Over the past 5 months in Kenya, we've met some of the biggest Detroit sport's fans in the world... they just don't know it yet. We've encountered a fisherman on a remote island in Lake Victoria decked out in a Stevie Yzerman Red Wings jersey, a baby admitted to the hospital with malaria still proudly donning her Tigers jersey, and even an elderly man in the slums of Nairobi showing off a vintage 1984 World Series jacket complete with the name "Dorothy" embroidered on the front. Being fellow Detroit sports fanatics, we get extremely excited when we encounter any display of Detroit sports-gear. We'll run up to these folks and enthusiastically explain that Detroit is our hometown, and that we're so thrilled to meet fellow fans. However, the reply is always the same: a blank confused look and "No sorry, this is just a shirt (jacket, etc)." Although they may be merely wearing second-hand clothes to serve a purpose without understanding their significance, we know in our Detroit-heart-of-hearts that deep-down they really are Detroit sports fans... they just don't know it yet.
Despite this immense Detroit following in Kenya, we've had more than a heck of a time trying to catch a Detroit Tigers playoff game in an area where there is no running water, let alone electricity and you can count the number of TVs in town on one hand, let alone those with satellite connection for the MLB playoffs. That's not to say that we haven't been trying...
After asking all around town if anyone carried the baseball games and hearing the reply, "What is baseball? Is it like football (soccer, the only "real" sport according to the people here)?", we had our first stroke of luck at, of all places, a campsite on Lake Naivasha. We were astonished to find a television connected to satellite TV with the MLB playoffs on the schedule for 4 am. We begged and pleaded with the Masai guard to open the bar and turn on the TV in the middle of the night, which was successful after we explained, "watching the Tigers in the playoffs is like watching Kenya in the finals of the World Cup". We awoke at 4 am from our tent, walked past a pod of hippos, and popped on the TV expecting our first glimpse of the Tigers in the playoffs since our childhood. Instead what we found was a group of announcers at the sportsdesk announcing that this evening's game between the Tigers and Yankees was cancelled due to rain. What luck!... but we were not yet defeated.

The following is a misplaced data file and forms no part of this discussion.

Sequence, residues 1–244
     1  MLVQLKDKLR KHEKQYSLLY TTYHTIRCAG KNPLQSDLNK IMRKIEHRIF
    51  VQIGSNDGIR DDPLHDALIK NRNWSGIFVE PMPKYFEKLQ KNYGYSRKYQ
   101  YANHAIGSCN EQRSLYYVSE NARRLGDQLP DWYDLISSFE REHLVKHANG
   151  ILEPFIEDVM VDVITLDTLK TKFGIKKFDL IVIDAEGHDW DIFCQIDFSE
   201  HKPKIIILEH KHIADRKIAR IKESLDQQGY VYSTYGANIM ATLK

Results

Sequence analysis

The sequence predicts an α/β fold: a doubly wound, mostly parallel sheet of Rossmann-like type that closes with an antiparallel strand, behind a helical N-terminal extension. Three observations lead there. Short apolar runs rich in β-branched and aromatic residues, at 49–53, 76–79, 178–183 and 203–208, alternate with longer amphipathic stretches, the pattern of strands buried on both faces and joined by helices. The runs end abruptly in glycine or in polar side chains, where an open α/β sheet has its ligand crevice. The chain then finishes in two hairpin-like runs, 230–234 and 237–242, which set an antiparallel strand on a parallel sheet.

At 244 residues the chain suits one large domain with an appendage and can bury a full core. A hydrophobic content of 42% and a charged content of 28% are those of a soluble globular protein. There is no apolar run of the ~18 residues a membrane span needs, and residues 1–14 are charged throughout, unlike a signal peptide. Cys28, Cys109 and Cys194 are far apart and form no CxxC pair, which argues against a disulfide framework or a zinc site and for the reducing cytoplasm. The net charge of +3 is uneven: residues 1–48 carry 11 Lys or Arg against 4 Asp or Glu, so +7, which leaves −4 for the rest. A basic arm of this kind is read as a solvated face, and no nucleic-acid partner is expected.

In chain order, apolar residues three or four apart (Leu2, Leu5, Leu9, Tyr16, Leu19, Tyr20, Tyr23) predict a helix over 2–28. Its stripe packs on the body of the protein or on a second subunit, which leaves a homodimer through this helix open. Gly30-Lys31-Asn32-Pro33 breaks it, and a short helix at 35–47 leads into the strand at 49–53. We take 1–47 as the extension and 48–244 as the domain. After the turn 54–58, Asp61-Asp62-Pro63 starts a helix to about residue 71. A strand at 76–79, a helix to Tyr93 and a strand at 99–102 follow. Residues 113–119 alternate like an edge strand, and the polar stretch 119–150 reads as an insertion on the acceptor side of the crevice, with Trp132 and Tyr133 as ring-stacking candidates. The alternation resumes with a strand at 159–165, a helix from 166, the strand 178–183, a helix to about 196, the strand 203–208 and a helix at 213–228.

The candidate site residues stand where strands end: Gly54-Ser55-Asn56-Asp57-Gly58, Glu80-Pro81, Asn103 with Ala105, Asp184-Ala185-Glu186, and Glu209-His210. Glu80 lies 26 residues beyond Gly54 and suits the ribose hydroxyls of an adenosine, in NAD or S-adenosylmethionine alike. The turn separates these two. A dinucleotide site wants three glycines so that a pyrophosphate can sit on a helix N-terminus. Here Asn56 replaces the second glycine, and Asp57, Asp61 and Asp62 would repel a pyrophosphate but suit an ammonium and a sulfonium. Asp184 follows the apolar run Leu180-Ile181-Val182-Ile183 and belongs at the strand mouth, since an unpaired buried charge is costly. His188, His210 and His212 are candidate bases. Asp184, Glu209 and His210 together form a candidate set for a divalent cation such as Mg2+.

Over the next 2 series, we struggled on the islands of Lake Victoria without access to any TV, but kept up with the action via text messages over the cellular phone. We would excitedly jump from bed in the middle of the night to find that the Tigers had taken a lead in the first, or had gone to extra innings, or that Mags had hit a game-winning home run. Though this kept us up-to-date on the scores, it couldn't replace actually seeing our Tig's take the field.
Our big break came as we were hiking beach to beach living in fishing villages. Between villages we came upon the sole exclusive tourist resort on the island, run by a British character, whom we have come to know over our stay here. He generously offered for us to crash at the resort for the night for a break. We seized the opportunity and quickly went to work feeding him drink after drink, until he agreed to stay up until 3 in the morning with us to watch the Tigers on his private satellite TV in his house. Needless to say the British chap passed out before the game started mumbling something about "this game is nothing but rounders", and we were left to finally watch our Detroit Tigers in Game 1 of the World Series.
Seeing the men in the Old English 'D' take the field sent shivers down the spine, and watching Comerica Park come alive in a way that Detroit has not seen since 1984 was something truly special. For that brief moment, we were able to forget where we were in the middle of Lake Victoria in Kenya, suspend the intense emotions that we've had to deal with over the past months in working in this impoverished, HIV-prevalent area, and experience a surge of pride and excitement in seeing our hometeam represent our hometown in the center of the world stage. We intently watched the first 3 innings, savoring every pitch as we had worked for weeks to have this opportunity, when the generator power cut out and we were left in darkness. While we didn't have the chance to see a whole game, the chance to catch a glimpse of Detroit Tigers baseball in the middle of rural Kenya was something we'll never forget.
Although we were unable to catch any more games and have received the sad news that the Tigers were defeated, we want to thank the Tigers for the amazing 2006 season. Their efforts were seen and felt literally around the world. From unifying a city ridden with auto-industry lay-offs and tough economic times, to providing those of us away from our Michigan home a chance to escape our situation and join our friends and family rooting on our Tigers, this team has made us all proud! BLESS YOU BOYS!
As we set off to hike Mount Kilimanjaro this week, we will proudly wear our Detroit Tigers' gear and hoist the Detroit foam finger (which, of course, we packed in our luggage 5 months ago) from high atop Africa.
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